Some elderly Singaporeans, especially those who live alone or far away from their children, have not been coping well during the pandemic, with many feeling isolated, unable to see family, catch up with friends and participate in their usual social activities.
Even if they live with you or nearby, your ageing parents may still feel lonely and neglected. They may also have trouble handling the disruptions to their daily life. Dr Lim Boon Leng, a psychiatrist at Dr BL Lim Centre for Psychological Wellness, tells us how to support our parents and help them navigate through this trying time.
Q: How have the pandemic-related stay-at-home orders and social restrictions affected our elderly?
Dr Lim: Due to the fact that they’ve not been able to go about their usual routines, spend time with family and socialise with friends, they would most certainly be feeling alone, and some, even depressed. These problems may be compounded by worries about their health, finances and conflicts with family. Seniors living alone tend to be more vulnerable, especially if they rely on social services such as home visits from volunteers. The isolation and lack of social interaction are risk factors for mental health issues.
Q: How can we tell if our elderly parents are emotionally affected?
Dr Lim: They may complain about feeling “low” and comment that life is meaningless. They may lose their appetite and start to lose weight or have trouble sleeping. They may feel more fatigued than usual, become socially withdrawn or lose interest in things they used to enjoy.
Q: What’s the best way to ensure our parents’ emotional needs are met without compromising our own emotional health and personal or family life?
Dr Lim: Most Singaporean seniors aren’t demanding; they just worry about burdening their families. I suggest having short conversations with them several times a week – ask them how they’re feeling and get them to share their thoughts on whatever is going on.
You can also introduce them to new activities and hobbies that they can do at home, or teach them simple exercises to do indoors. This will help them make good use of their time and feel more independent.
Help them look after their health, too – explain their health issues to them if they don’t understand them well enough, remind them to take their medication, and help them schedule their doctor and vaccination appointments.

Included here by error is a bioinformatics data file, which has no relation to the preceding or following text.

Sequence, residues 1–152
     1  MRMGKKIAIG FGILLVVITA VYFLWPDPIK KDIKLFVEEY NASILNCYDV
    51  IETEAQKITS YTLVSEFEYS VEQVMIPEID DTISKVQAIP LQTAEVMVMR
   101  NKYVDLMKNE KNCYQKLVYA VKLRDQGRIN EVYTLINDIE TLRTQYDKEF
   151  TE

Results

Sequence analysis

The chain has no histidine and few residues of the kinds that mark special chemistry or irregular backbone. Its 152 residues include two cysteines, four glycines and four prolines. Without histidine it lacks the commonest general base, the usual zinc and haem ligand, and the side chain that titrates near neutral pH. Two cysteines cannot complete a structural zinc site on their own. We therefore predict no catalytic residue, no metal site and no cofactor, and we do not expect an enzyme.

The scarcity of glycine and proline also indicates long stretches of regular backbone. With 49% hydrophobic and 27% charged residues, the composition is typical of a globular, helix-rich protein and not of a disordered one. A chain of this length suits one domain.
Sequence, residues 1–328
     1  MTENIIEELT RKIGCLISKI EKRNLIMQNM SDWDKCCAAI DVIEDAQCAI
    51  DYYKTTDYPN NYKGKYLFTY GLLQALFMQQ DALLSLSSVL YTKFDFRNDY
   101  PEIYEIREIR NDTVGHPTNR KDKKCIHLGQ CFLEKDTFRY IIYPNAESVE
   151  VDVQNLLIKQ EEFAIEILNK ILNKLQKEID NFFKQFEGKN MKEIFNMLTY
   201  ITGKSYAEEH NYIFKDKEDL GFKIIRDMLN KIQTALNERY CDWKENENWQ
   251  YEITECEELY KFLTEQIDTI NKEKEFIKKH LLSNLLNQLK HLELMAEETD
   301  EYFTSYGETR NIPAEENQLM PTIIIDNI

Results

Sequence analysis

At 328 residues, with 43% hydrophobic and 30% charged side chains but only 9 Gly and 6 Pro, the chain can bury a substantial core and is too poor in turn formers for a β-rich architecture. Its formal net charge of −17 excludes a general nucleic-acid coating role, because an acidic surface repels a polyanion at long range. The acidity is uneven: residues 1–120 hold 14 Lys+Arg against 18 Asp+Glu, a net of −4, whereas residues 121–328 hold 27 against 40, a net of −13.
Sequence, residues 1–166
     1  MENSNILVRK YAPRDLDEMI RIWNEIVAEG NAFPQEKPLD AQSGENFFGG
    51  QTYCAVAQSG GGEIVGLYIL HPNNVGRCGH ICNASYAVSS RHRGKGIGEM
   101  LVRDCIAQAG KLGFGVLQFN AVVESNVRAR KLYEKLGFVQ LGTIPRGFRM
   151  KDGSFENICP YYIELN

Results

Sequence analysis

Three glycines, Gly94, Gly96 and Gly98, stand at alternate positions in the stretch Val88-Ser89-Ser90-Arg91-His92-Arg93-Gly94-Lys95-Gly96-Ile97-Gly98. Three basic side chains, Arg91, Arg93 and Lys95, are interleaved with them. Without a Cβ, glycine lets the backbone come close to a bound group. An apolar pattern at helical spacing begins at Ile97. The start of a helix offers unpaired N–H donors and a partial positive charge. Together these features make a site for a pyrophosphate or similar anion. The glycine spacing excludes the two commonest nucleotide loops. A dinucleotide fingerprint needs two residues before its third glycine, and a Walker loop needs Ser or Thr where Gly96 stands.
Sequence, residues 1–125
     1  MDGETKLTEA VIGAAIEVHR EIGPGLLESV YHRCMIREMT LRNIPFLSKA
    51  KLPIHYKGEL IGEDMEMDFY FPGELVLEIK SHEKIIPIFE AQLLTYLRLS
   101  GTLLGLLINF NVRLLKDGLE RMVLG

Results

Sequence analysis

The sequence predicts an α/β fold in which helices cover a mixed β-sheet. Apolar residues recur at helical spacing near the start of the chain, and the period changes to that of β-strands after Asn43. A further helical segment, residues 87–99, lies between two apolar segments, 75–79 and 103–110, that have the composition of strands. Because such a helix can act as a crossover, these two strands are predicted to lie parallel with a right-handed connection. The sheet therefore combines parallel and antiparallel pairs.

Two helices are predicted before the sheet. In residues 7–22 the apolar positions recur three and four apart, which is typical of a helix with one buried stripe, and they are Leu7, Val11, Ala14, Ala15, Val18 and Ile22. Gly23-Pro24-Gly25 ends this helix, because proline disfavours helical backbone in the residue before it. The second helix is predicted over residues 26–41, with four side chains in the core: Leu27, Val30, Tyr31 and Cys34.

Q: What activities can the whole family do together at home, that will make our elderly parents feel more included?
Dr Lim: Having dinner together is one of the many wonderful things families can do. It’s not just symbolic of family unity and bonding; it’s also a great way for everyone to unwind. When the atmosphere is relaxing, our parents may find it easier to open up about their problems. Psychologically, sitting down to eat with their children and grandchildren can feel very empowering for our seniors and help them feel closer to the family.
Q: What if our parents don’t live with us? How can we ensure their emotional wellbeing if we can’t visit them as often as we used to?
Dr Lim: Technology can help – there are so many programmes you can use to supervise and converse with your parents. You can install cameras and screens that can be controlled remotely so that your parents don’t have to operate them.
If possible, have meals with your parents from time to time, and ask their neighbours to check in on them a couple of times a week.
Q: How can we get our kids involved with looking out for their grandparents?
Dr Lim: Children are quite tech savvy. Since they’re at home more, they can teach their grandparents how to use their devices or apps, help them install new programmes, and so on. This is a good way for your parents and kids to bond and engage with one another, but more importantly, your little ones will learn how to have empathy, patience and compassion for the elderly.
How do you ensure your elderly parents are cared for during these challenging times? Share your tips with us at firstname.lastname@example.org!